November 22, 2023

In The News: Leftover Antibiotics ‘Major Barrier to Antimicrobial Stewardship’

Reporting on survey results of antibiotic use, Healio reports nearly half of respondents prescribed antibiotics stop their treatment early. Three-quarters shared they save leftover antibiotics for future use. This mirrors findings from previous antibiotic surveys where respondents shared frequent nonprescription use and likelihood to do again in the future. Researchers conducting the survey called the leftover antibiotics and the misuse a “major barrier to antimicrobial stewardship” and suggested better education on safe antibiotic use.

Researchers used the survey to learn the rates and reasons patients stopped taking prescribed antibiotics and what was done with the remaining antibiotics if they failed to complete the prescription. It was administered to patients at both public and private clinics. Of those who reported stopping treatment early, those from a private clinic were comparatively more likely to stop than those from a public clinic, 52% vs 42%.

Those who stopped early, overall, did so because they reported they felt better (77%) or because they forgot to finish all of the prescription (18%). Of those, 74% shared they kept the leftovers and 51% intended to use the leftovers in the future, regardless of provider advice. Participants shared they had used leftover antibiotics for COVID-19, colds, allergies, pain management, among other issues.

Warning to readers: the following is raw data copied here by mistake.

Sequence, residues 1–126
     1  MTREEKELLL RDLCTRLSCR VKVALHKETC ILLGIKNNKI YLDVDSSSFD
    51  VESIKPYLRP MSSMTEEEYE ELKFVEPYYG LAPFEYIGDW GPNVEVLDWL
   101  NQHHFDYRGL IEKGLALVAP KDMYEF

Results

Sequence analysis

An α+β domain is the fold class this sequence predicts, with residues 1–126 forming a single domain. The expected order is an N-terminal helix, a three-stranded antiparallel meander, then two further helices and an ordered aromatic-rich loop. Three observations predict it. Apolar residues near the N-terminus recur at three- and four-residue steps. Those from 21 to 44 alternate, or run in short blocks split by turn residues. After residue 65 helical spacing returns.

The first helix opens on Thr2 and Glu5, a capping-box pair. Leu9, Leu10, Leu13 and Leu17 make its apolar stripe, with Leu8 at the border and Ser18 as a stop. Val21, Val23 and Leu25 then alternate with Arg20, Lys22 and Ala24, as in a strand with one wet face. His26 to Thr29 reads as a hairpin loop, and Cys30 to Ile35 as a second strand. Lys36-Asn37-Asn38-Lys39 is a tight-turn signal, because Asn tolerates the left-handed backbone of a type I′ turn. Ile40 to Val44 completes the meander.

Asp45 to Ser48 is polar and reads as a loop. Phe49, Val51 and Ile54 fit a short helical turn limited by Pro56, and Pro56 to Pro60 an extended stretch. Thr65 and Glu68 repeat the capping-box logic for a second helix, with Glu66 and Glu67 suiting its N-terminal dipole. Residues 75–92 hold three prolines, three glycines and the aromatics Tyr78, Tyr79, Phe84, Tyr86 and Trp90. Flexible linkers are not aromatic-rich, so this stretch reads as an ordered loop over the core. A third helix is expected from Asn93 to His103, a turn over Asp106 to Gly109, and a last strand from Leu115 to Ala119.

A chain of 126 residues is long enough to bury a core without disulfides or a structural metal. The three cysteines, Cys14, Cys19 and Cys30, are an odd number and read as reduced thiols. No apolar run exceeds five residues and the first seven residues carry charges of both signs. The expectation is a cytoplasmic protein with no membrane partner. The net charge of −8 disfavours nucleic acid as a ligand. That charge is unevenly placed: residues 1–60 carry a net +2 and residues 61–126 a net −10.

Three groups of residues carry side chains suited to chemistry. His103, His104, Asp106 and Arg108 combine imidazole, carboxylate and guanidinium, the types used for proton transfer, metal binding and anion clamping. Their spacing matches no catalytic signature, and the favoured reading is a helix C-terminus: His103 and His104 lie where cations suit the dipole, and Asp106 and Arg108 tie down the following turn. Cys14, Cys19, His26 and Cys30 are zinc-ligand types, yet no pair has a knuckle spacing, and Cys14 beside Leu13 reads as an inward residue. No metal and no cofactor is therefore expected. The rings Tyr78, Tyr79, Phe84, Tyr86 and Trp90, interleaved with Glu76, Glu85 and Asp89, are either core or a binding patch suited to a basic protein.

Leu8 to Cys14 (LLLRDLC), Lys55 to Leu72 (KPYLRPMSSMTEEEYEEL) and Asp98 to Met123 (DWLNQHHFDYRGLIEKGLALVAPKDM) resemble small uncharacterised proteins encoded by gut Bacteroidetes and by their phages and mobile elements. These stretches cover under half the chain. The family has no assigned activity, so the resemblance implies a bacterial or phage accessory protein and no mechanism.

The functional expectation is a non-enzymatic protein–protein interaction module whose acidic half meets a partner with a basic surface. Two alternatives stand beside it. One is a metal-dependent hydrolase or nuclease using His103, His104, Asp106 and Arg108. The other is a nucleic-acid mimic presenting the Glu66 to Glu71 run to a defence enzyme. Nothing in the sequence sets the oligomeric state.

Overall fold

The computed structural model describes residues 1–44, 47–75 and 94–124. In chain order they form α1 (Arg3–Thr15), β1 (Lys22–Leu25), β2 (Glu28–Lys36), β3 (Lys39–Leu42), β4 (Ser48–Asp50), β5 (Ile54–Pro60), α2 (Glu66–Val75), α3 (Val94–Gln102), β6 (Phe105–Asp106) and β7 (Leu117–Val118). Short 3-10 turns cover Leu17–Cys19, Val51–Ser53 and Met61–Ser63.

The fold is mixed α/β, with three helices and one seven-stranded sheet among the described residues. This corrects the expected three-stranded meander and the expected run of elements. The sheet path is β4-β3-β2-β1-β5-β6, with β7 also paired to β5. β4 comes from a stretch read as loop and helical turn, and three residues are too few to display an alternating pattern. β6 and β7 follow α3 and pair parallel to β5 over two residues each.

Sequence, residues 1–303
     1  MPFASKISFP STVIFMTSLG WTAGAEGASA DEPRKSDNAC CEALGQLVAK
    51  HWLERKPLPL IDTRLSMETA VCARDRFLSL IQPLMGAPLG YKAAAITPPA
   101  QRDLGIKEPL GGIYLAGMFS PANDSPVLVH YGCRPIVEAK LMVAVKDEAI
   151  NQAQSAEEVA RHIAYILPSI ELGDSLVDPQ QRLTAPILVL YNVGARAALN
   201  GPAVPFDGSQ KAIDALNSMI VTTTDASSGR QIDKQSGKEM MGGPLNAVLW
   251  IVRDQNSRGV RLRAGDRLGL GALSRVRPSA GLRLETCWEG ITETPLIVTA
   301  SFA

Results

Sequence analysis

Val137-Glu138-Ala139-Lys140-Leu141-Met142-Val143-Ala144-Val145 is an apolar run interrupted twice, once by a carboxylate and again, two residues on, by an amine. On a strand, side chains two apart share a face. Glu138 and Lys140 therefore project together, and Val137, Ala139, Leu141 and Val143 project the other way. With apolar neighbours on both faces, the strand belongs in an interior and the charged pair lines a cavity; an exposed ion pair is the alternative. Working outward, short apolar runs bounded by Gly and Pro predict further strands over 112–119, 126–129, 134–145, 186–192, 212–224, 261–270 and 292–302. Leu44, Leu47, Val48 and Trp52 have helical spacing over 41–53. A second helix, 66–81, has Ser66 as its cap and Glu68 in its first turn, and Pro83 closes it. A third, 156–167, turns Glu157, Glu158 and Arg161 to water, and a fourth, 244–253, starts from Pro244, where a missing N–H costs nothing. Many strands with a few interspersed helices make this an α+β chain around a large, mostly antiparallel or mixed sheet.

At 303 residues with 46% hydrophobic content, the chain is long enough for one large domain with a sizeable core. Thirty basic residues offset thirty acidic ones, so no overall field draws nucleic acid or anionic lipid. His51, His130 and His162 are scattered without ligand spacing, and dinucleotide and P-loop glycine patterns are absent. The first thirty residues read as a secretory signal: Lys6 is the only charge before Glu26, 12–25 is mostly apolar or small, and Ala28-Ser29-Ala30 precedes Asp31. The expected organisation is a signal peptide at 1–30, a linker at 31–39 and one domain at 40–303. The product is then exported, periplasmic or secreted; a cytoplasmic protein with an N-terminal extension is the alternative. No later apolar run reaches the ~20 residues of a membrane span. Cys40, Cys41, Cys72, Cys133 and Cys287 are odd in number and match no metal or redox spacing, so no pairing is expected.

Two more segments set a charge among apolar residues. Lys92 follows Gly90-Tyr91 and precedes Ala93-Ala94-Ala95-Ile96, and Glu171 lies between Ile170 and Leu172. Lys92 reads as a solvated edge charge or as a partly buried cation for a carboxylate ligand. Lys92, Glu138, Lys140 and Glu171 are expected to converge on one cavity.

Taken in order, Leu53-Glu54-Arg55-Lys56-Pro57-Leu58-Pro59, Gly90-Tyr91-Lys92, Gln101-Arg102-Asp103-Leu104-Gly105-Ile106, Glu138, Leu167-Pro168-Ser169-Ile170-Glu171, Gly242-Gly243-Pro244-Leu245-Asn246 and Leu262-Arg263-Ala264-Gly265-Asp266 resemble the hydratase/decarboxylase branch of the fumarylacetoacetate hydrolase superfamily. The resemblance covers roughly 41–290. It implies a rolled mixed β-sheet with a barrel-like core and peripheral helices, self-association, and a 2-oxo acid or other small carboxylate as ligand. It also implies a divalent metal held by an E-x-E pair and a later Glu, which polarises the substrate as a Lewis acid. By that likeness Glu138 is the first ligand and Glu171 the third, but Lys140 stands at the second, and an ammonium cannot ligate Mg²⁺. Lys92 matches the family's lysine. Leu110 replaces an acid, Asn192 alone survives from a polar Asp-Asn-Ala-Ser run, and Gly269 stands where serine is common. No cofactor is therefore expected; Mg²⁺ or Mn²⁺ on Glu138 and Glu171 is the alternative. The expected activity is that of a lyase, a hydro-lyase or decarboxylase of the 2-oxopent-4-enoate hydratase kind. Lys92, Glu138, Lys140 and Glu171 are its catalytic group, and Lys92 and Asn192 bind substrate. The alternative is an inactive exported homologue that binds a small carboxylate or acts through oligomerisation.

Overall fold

The survey was conducted among 564 patients at six public and two private primary care clinics in Houston between January 2020 and June 2021.

PIDS PCAS chair Alison Tribble commented on the story, “Unmonitored use of leftover antibiotics poses yet another challenge in the fight against antimicrobial resistance. As reported in this study, such use is often inappropriate, including for viral infections and non-infectious conditions. Most people acquired leftover antibiotics because they stopped taking prescribed antibiotics early due to feeling better – likely because antibiotics were prescribed for longer than necessary or weren’t even needed in the first place. Clinicians can counter this behavior by prescribing antibiotics only when clearly indicated and for the shortest effective duration possible. They should also educate patients on disposal of unused antibiotics and advise patients to call when they are concerned that they might need an antibiotic. Efforts to improve healthcare access and community knowledge of safe and appropriate antibiotic use are also important steps in limiting use of nonprescription antibiotics.”

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